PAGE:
India seizes $ 725 million in Xiaomi assets due to illegal money transfers

Employees stand near the company logo in a Xiaomi store in Shanghai, China on November 1, 2021. REUTERS / Aly Song / Files

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NEW DELHI, April 30 (Reuters) – India said on Saturday that it had seized $ 725 million from the local bank accounts of China’s Xiaomi Corp (1810.HK) after an investigation found that the smartphone maker had made illegal money transfers to foreign entities by giving them further. as royalty payments.

The Enforcement Agency had investigated the Chinese company’s business practices over suspected breaches of Indian currency laws. read more

“The Anti-Financial Crime Agency said on Saturday that it had seized the bank account’s assets from Xiaomi Technology India Private Limited after finding that the company had transferred the currency equivalent of Rs 55.5 billion to three foreign-based entities, including an entity in the Xiaomi group.” in cover of royalty “payments.

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The transfer to two other unidentified and unrelated U.S.-based devices was also for “the ultimate benefit to the Xiaomi Group’s devices,” the agency added in a statement.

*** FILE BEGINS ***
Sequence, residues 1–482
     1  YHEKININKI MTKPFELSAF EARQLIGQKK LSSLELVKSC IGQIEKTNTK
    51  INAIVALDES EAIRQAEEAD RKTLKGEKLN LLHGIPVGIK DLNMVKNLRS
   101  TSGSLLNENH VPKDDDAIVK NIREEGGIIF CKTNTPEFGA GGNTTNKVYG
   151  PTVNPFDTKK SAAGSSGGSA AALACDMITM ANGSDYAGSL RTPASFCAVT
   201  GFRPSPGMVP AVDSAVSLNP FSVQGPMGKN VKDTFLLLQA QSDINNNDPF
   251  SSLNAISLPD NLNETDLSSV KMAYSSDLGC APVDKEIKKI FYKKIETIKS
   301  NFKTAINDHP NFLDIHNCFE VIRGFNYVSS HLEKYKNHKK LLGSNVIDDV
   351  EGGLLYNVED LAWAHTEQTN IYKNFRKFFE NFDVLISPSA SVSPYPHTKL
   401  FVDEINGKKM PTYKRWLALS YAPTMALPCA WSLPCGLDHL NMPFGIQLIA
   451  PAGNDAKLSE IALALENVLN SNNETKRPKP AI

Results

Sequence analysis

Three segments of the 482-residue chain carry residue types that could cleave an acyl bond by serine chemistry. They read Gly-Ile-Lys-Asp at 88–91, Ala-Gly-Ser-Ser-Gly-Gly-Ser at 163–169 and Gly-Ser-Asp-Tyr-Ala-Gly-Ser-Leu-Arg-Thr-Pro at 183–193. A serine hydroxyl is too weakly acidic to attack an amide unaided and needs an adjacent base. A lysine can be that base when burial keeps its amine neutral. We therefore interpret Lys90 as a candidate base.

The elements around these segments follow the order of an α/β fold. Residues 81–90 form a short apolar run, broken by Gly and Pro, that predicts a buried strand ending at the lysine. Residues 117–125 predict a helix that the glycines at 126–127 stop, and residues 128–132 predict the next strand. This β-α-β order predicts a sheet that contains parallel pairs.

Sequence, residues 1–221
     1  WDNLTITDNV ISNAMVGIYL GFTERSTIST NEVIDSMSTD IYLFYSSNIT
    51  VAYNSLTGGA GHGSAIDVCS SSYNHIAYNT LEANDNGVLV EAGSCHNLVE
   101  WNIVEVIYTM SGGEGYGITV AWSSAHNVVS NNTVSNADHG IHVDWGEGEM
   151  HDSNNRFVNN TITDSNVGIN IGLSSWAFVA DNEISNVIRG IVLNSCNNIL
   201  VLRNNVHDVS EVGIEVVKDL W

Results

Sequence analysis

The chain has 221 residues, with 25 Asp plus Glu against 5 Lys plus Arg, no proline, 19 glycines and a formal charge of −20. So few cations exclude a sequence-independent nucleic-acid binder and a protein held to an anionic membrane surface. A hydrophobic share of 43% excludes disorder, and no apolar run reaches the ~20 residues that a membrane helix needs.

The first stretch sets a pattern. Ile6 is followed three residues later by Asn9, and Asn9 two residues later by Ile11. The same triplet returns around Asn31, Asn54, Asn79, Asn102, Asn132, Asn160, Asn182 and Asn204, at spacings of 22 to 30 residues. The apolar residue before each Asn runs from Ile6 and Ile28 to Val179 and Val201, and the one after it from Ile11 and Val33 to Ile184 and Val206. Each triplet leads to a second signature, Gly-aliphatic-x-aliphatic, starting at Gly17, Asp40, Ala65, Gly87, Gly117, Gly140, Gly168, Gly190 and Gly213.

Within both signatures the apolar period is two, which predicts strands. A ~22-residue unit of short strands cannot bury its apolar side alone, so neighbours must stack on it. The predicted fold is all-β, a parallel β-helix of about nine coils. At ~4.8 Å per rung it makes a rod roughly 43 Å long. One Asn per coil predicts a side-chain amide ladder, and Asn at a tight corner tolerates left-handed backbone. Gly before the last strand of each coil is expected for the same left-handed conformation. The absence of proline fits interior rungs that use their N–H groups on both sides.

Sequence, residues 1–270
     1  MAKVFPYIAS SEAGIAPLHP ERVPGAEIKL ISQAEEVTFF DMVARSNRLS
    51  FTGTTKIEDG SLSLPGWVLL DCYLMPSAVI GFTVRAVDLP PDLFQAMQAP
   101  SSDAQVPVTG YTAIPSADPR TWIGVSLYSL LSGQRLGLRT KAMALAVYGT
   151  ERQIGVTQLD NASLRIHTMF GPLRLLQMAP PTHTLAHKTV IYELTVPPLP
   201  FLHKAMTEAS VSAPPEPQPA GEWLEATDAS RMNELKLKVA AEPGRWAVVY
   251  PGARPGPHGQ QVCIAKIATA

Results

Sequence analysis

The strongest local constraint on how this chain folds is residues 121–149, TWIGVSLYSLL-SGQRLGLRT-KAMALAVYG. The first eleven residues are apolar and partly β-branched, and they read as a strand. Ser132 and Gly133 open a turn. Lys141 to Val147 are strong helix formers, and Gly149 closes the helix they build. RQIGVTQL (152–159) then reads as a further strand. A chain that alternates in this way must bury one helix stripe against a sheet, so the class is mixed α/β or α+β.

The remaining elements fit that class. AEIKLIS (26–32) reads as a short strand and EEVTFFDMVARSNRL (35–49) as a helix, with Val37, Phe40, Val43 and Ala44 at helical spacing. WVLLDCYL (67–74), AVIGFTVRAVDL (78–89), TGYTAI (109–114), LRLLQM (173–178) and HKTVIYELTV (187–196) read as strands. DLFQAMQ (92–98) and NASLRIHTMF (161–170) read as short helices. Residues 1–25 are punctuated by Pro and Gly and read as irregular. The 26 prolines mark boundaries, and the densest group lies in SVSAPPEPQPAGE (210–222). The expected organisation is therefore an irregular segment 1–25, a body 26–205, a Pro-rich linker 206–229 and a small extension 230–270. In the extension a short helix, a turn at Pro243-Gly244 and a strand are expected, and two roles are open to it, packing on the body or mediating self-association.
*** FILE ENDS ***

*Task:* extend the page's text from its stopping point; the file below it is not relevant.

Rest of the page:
“Such huge sums in the name of royalties were transferred following instructions from their Chinese superior group units,” the directorate said.

Xiaomi said in a statement issued later on Saturday that it complied with Indian laws and believed that “royalty payments and statements to the bank are legitimate and truthful”.

“These royalty payments paid by Xiaomi India were for the unlicensed technologies and IPs used in our Indian version products … we are committed to working closely with government authorities to resolve any misunderstandings,” he added.

The directorate’s actions against Xiaomi signal an expanded investigation of the Chinese smartphone maker, whose India office was attacked in December in a separate investigation into alleged tax evasion. Some other Chinese smartphone markers were also raided at the time.

Reuters reported on April 12 that Xiaomi’s former India chief, Manu Kumar Jain, had been summoned for questioning as part of the directorate’s investigation. read more

Jain, now the global vice president of Xiaomi based in Dubai, appeared before investigators earlier this month, said a source with direct knowledge of the probe, and asked not to be named because of the sensitivity of the case.

The Norwegian Enforcement Agency also asked the company for details on foreign financing, ownership interest and financing patterns, accounts and information on key managers who run the business.

Xiaomi was India’s leading smartphone seller in 2021, with a market share of 24%, according to Counterpoint Research. South Korea’s Samsung was the No. 2 brand with a share of 19%.

Many Chinese companies have struggled to do business in India due to political tensions following a border clash in 2020. India has cited security concerns by banning more than 300 Chinese apps since then, including popular ones like TikTok, and also tightening Chinese standards companies investing in India.

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Reporting by Aditya Kalra in New Delhi; Edited by William Mallard, Helen Popper and Mike Harrison

Our standards: Thomson Reuters Trust Principles.

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